8. ^ ? 1964, p. 7
  9. ^ a b ? 1964, p. 195
  10. ^ ? 1964, p. 31
  11. ^ a b ? 1964
  12. ^ Vakhtin 1998: 161
  13. ^ . ICC Chukotka (in Russian). Inuit Circumpolar Council.
  14. ^ ? 1997
  15. ^ Representing genealogical relations of (among others) Eskimo-Aleut languages by tree: Alaska Native Languages (found on the site of Alaska Native Language Center)
  16. ^ Ethnologue Report for Eskimo-Aleut
  17. ^ Kaplan 1990: 136
  18. ^ ? 1964, p. 42
  19. ^ a b ? 1964, p. 38
  20. ^ a b ? 1964, p. 81
  21. ^ a b Menovshchikov 1990: 70
  22. ^ ? 1964, pp. 6-7
  23. ^ ? 1962, p. 11
  24. ^ ? 1964, p. 9
  25. ^ Person and number in a single suffix, or in two distinct ones: p. 61 of ? 1964
  26. ^ Suffix -/?un/- meaning "to be similar to sth": p. 66 of ? 1964
  27. ^ Predicative form of a noun (suffix -/t ?/-): p. 66-67 of ? 1964
  28. ^ Verbs built from toponyms: p. 67 of ? 1964
  29. ^ Personal possessive form: p. 44-45 of ? 1964
  30. ^ Imperative: p. 86 of ? 1964
  31. ^ a b Negation form of a verb: p. 89 of ? 1964
  32. ^ a b Nicole Tersis and Shirley Carter-Thomas: Integrating Syntax and Pragmatics: Word Order and Transitivity Variations in Tunumiisut. It treats an Inuit language: not Sireniki, but a relative. Availability: on paper and restricted online.
  33. ^ Suffix -/q?sta?-/ for slow action aspect: p. 72 of ? 1964
  34. ^ a b c Modality: p. 68 of ? 1964
  35. ^ Present tense: p. 61 of ? 1964
  36. ^ a b Grammatical voices: p. 78-80 of ? 1964
  37. ^ ? 1954, pp. 121-123
  38. ^ Adverbial participle -/l?/- / - /l/- "explaining reason, purpose or circumstance of action": pp. 90-91 of ? 1964
  39. ^ Adverbial participle -/l?/- / -/ l/- "explaining reason, purpose or circumstance of action" exemplified in another usage: p. 99 of ? 1964
  40. ^ a b Adverbial participle -/ja/- / -/?a/- (dependent action ends just before main action begins): pp. 91-92 of ? 1964
  41. ^ Intransitive conjugation of adverbial participles -/ja/- / -/?a/-, -/in?q a/-: p. 91 of ? 1964
  42. ^ Adverbial participles conveying conditional dependent action: pp. 92-93 of ? 1964
  43. ^ Attribute versus predicative usage of adjectival participles: p. 95 of ? 1964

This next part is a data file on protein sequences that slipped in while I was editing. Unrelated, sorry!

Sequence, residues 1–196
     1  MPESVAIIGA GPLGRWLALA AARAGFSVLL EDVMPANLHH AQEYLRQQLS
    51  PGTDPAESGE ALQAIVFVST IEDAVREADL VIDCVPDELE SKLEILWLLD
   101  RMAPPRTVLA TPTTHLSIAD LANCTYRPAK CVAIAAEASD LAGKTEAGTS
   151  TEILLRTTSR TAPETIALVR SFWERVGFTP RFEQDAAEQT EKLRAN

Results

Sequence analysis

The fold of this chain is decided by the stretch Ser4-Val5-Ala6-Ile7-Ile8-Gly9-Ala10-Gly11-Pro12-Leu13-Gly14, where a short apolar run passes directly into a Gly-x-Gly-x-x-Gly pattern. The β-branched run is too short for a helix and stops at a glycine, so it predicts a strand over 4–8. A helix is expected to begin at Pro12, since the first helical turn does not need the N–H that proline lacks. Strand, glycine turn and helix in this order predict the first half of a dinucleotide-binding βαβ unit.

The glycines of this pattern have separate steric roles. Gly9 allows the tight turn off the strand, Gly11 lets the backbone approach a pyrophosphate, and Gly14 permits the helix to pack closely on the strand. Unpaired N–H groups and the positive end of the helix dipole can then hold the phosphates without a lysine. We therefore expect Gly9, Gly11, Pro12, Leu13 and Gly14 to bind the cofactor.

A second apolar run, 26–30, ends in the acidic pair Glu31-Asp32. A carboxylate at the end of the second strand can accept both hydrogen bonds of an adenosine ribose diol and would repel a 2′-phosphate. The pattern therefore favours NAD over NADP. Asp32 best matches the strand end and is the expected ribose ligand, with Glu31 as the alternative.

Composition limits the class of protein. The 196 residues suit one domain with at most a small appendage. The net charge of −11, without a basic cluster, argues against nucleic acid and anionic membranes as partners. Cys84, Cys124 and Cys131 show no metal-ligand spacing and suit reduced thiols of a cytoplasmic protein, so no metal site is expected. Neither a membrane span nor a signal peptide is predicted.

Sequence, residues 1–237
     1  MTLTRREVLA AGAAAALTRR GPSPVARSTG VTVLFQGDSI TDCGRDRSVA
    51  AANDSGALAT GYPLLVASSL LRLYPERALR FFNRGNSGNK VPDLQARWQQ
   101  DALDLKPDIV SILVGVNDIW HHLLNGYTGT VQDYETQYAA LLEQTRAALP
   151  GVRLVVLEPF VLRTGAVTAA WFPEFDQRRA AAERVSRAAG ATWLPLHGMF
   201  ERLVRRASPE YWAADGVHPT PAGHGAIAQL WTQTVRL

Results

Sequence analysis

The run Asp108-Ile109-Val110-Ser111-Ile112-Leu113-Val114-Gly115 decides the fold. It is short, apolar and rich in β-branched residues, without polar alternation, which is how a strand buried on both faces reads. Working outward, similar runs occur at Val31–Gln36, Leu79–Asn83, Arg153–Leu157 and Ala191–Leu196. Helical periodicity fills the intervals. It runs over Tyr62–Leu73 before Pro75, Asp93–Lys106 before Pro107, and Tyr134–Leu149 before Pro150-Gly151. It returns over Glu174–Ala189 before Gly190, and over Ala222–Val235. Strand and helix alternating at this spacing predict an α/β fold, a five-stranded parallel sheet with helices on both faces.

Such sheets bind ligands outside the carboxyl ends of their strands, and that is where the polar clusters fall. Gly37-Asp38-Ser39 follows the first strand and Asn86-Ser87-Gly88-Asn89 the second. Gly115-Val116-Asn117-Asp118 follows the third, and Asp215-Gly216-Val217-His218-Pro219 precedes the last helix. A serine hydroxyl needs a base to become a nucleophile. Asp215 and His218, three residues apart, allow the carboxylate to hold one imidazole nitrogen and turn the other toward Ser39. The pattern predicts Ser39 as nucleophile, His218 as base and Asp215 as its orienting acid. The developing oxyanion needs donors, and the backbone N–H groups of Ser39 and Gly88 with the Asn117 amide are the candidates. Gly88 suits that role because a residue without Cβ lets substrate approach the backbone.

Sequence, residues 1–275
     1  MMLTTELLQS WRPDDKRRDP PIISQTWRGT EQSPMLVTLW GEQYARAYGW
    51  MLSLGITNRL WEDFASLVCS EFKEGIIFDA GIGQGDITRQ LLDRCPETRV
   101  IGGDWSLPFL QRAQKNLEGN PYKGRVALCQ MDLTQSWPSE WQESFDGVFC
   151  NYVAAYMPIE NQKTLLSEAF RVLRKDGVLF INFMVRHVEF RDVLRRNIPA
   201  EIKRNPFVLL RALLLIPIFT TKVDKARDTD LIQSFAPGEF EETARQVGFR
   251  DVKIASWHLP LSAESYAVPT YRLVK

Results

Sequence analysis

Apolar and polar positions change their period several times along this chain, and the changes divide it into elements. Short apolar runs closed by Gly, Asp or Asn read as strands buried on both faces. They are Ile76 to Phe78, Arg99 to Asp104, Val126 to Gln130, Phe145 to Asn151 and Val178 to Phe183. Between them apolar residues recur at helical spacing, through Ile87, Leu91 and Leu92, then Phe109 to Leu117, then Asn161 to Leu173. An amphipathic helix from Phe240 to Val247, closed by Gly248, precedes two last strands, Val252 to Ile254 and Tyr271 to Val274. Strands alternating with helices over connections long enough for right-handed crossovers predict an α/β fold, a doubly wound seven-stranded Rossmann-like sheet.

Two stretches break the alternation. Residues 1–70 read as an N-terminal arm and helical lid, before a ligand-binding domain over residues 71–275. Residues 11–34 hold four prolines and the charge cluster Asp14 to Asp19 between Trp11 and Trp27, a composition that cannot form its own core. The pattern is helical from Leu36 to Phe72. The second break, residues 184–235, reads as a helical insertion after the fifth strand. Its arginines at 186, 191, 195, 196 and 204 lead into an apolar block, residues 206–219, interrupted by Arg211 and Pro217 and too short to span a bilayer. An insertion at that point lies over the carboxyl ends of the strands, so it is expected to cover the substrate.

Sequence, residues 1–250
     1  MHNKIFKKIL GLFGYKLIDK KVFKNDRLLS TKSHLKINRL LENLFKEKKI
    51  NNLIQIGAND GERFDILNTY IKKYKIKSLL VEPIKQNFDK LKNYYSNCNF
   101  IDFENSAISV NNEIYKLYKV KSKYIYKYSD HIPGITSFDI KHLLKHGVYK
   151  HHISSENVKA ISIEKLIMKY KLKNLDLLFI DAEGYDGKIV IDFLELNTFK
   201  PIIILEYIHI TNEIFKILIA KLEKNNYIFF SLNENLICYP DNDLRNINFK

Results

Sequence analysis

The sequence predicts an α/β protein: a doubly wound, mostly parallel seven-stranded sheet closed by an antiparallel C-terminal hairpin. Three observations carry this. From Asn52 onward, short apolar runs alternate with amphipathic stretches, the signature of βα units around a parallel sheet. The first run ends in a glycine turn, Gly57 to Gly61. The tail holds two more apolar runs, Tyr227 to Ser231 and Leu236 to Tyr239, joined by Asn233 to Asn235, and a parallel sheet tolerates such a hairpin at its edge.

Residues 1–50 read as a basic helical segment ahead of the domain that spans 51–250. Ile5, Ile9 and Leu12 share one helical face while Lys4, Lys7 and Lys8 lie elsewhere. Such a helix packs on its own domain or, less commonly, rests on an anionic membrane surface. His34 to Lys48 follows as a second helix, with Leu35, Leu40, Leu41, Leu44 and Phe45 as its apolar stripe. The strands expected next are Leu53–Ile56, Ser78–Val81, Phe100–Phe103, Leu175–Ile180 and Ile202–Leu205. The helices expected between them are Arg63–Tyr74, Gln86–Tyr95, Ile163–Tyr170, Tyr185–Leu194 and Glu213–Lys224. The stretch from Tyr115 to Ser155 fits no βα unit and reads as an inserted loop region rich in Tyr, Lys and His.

44. ^ Adjectival participle -/kajux/ / -/qajux/ (able to): p. 97 of ? 1964
  45. ^ Bodil Kappel Schmidt: West Greenlandic antipassive
  46. ^ Word Order and Incremental Update. See also the author's Kalaallisut materials.
  47. ^ Maria Bittner and Ken Hale: Comparative notes on ergative case systems. Rutgers and MIT. 1993.
  48. ^ Maria Bittner and Ken HaleErgativity: Towards a theory of a heterogenous class




  • ?, ?.?. (1962). ? . (in Russian). o : ? ?. . The transliteration of author's name, and the rendering of title in English: Menovshchikov, G.A. (1962). Grammar of the Language of Asian Eskimos. Vol. I. Moscow o Leningrad: Academy of Sciences of the USSR.
  • ?, ?.?. (1964). ? . , ?, ? ? (in Russian). o : ? ?. . The transliteration of author's name, and the rendering of title in English: Menovshchikov, G.A. (1964). Language of Sirenik Eskimos. Phonetics, morphology, texts and vocabulary. Moscow o Leningrad: Academy of Sciences of the USSR.
  • ?, ?. ?. (1997). " ?". In ?, ?. ?. ? . (ed.). ?. (in Russian). : . pp. 81-84.
  • ?, ?. ?. (1954). ? (? ?) (in Russian). o : ? ?. The transliteration of author's name, and the rendering of title in English: Rubcova, E. S. (1954). Materials on the Language and Folklore of the Eskimoes, Vol. I, Chaplino Dialect. Moscow o Leningrad: Academy of Sciences of the USSR.